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Re: The coming retirement crisis

Post by Mister Imperceptible » Tue Nov 27, 2018 4:32 pm

TopHatFox wrote:
Tue Nov 27, 2018 4:08 pm
That’s interesting, wouldn’t the end of indexing basically mean the end of a generally positive stock market? (the largest asset class probably) Instead being replaced by a stock market that does kinda meh or bad overall, but better in some places and bad in other places? Wouldn’t that be a literal sign of the end of capitalism’s heyday?
Capital markets are intended to function as a price discovery mechanism, so indexing is not inherent to the success of wise capital allocation. Masking the signals of price discovery so everything does well is a perversion of capitalism.
TopHatFox wrote:
Tue Nov 27, 2018 4:08 pm
If so, I wonder if the government would step in to keep the stock market valuations afloat, and therefore index investing.
They will step in and do everything in their power to try and do so. This is the traditional Central Banker Put that everyone is “banking” on. Whether they succeed or not, I have no idea. I wouldn’t bank on it.

https://en.m.wikipedia.org/wiki/Bernanke_doctrine

jacob
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Re: The coming retirement crisis

Post by jacob » Tue Nov 27, 2018 4:38 pm

@THF - Not necessarily. Reminder: The equity market is not the economy. It is, in fact, even just a small fraction of the financial markets. The bond market is bigger and the derivatives market and amount of unfunded pension et al. promises bigger still. The stock market is just the tail end of the dog.

But as you note, the stock market is ultimately a market of stocks and so if it goes sideways or down, there's still money to be made and capitalism still exists even when the tide goes out. See other countries for examples. It's just that funding will no longer be supplied via equity that is sponsored by the public. Or at least ... I imagine it won't take that many years before a large part of the investing public stop believing that everything goes up in the long run. It only took a few months in 2008 before the acolytes started doubting.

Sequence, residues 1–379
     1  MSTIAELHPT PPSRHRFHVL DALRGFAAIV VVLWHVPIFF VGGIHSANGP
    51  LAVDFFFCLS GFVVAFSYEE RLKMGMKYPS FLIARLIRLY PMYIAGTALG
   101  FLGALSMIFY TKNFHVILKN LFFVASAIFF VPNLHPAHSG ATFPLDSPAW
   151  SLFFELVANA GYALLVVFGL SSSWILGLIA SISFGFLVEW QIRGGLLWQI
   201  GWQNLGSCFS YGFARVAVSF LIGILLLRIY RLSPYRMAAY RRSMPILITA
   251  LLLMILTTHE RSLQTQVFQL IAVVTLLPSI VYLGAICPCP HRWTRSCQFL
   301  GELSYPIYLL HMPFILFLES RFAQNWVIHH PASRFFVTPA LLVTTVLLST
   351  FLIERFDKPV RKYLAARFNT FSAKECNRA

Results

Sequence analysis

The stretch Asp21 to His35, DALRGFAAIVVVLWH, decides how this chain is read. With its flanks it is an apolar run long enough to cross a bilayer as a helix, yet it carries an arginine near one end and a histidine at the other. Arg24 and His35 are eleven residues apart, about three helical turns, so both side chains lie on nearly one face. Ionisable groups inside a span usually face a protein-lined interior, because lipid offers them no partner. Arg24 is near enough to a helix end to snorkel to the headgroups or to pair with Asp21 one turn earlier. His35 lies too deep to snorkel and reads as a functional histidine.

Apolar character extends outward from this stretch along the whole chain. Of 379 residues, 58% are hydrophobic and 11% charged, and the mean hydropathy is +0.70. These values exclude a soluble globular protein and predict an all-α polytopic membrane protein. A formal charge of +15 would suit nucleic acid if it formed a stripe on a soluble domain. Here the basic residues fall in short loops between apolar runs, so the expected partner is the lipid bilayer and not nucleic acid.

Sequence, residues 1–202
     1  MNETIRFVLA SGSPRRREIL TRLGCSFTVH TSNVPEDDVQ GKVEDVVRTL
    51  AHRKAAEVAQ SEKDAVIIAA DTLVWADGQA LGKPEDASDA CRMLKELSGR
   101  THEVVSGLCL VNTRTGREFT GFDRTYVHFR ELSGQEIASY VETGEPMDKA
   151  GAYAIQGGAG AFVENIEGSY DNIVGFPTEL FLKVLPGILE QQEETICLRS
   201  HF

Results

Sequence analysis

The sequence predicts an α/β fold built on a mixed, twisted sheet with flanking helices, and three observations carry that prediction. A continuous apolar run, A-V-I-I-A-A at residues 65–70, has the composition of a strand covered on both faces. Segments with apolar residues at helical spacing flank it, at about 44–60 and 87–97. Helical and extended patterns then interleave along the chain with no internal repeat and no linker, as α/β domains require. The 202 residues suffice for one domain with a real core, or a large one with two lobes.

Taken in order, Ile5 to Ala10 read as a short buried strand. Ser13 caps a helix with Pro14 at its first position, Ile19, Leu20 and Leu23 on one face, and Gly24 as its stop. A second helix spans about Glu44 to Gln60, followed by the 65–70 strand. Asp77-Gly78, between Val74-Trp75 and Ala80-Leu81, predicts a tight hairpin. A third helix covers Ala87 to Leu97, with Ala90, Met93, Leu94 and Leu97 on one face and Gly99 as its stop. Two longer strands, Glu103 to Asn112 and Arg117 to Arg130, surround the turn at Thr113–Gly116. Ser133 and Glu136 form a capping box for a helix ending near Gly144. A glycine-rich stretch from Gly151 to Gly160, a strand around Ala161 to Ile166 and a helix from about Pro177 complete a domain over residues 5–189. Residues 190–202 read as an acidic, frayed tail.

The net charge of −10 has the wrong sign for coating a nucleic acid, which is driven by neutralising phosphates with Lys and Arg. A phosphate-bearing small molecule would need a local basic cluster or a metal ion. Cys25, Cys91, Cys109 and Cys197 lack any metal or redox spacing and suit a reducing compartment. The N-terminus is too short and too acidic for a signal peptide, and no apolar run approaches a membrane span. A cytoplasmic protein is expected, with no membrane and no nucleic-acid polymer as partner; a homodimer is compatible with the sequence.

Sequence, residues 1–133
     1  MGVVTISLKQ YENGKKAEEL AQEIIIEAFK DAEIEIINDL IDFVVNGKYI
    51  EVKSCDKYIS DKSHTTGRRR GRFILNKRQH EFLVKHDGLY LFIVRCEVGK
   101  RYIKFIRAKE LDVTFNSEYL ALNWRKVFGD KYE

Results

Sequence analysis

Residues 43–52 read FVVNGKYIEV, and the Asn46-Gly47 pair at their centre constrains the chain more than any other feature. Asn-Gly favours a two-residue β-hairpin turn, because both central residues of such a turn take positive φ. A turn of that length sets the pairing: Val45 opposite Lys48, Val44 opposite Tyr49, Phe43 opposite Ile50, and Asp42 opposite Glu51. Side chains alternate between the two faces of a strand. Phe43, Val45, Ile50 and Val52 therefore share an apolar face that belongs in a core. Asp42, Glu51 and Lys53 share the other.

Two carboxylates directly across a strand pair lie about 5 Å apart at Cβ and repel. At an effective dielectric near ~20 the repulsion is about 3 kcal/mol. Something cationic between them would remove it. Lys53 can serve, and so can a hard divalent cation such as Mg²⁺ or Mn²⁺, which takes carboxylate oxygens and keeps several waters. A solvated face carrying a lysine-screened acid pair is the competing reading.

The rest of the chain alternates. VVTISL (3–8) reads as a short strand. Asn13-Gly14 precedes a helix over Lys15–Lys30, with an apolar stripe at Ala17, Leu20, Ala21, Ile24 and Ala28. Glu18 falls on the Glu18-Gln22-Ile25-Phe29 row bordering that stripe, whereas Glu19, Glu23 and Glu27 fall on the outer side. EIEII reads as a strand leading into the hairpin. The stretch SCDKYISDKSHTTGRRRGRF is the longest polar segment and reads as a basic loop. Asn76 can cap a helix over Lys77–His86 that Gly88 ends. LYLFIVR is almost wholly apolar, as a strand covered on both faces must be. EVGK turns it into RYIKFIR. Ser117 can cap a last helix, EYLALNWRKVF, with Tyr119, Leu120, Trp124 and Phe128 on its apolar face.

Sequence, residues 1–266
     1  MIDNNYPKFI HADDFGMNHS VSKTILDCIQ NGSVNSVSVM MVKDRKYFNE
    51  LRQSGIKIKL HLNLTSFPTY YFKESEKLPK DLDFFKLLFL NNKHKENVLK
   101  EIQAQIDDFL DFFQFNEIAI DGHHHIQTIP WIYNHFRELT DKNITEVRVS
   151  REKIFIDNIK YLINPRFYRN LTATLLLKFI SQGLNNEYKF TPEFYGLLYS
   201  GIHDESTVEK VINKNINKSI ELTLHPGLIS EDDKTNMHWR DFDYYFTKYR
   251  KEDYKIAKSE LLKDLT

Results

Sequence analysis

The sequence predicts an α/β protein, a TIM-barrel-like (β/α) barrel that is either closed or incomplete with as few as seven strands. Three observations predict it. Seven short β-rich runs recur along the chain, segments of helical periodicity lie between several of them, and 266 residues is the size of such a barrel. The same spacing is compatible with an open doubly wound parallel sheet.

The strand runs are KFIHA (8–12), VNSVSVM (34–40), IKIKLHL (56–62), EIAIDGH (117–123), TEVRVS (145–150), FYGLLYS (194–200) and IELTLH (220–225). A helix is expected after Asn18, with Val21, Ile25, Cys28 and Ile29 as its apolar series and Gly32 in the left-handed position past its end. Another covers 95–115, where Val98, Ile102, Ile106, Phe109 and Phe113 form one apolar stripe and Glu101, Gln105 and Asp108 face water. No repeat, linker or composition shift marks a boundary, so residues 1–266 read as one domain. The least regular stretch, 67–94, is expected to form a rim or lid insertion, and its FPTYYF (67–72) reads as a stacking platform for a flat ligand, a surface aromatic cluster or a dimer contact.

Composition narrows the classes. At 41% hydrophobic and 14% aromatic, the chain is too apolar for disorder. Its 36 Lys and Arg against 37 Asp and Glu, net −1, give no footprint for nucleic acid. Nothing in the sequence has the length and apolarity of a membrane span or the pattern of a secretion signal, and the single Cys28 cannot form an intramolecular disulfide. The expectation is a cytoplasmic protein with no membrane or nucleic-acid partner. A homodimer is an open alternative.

ElysianFields
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Re: The coming retirement crisis

Post by ElysianFields » Tue Jul 02, 2019 8:33 am

Admittedly I'm arriving at this conversation several months late, and the video outlines multiple valid factors reducing aggregate demand in the coming years, including baby boomer retirements and millennial student debts.

Nevertheless, unlike Japan to a very large extent, and Europe to a somewhat lesser extent, the U. S. (and Canada) welcome comparatively very many immigrants, who keep the population increasing (despite a negative birth rate) and add to aggregate demand (despite the massive number of baby boomer retirements). Thus I find the overall thrust of the video overblown.

George the original one
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Re: The coming retirement crisis

Post by George the original one » Tue Jul 02, 2019 9:24 am

ElysianFields wrote:
Tue Jul 02, 2019 8:33 am
Nevertheless, unlike Japan to a very large extent, and Europe to a somewhat lesser extent, the U. S. (and Canada) welcome comparatively very many immigrants, who keep the population increasing (despite a negative birth rate) and add to aggregate demand (despite the massive number of baby boomer retirements). Thus I find the overall thrust of the video overblown.
Trump is dismantling the immigration angle... https://www.pewresearch.org/fact-tank/2 ... d-changes/

Nomad
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Re: The coming retirement crisis

Post by Nomad » Tue Jul 02, 2019 2:32 pm

This looks quite different from the graph in the video?

https://www.populationpyramid.net/unite ... rica/2019/

conwy
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Re: The coming retirement crisis

Post by conwy » Sun Jul 07, 2019 9:05 pm

Kriegsspiel wrote:
Wed Oct 31, 2018 7:39 pm
Die young and save yourself.
Could make the opposite argument. Live healthy and stay fit, because you might need to make do with minimal healthcare when you get old. There are good and bad ways to die.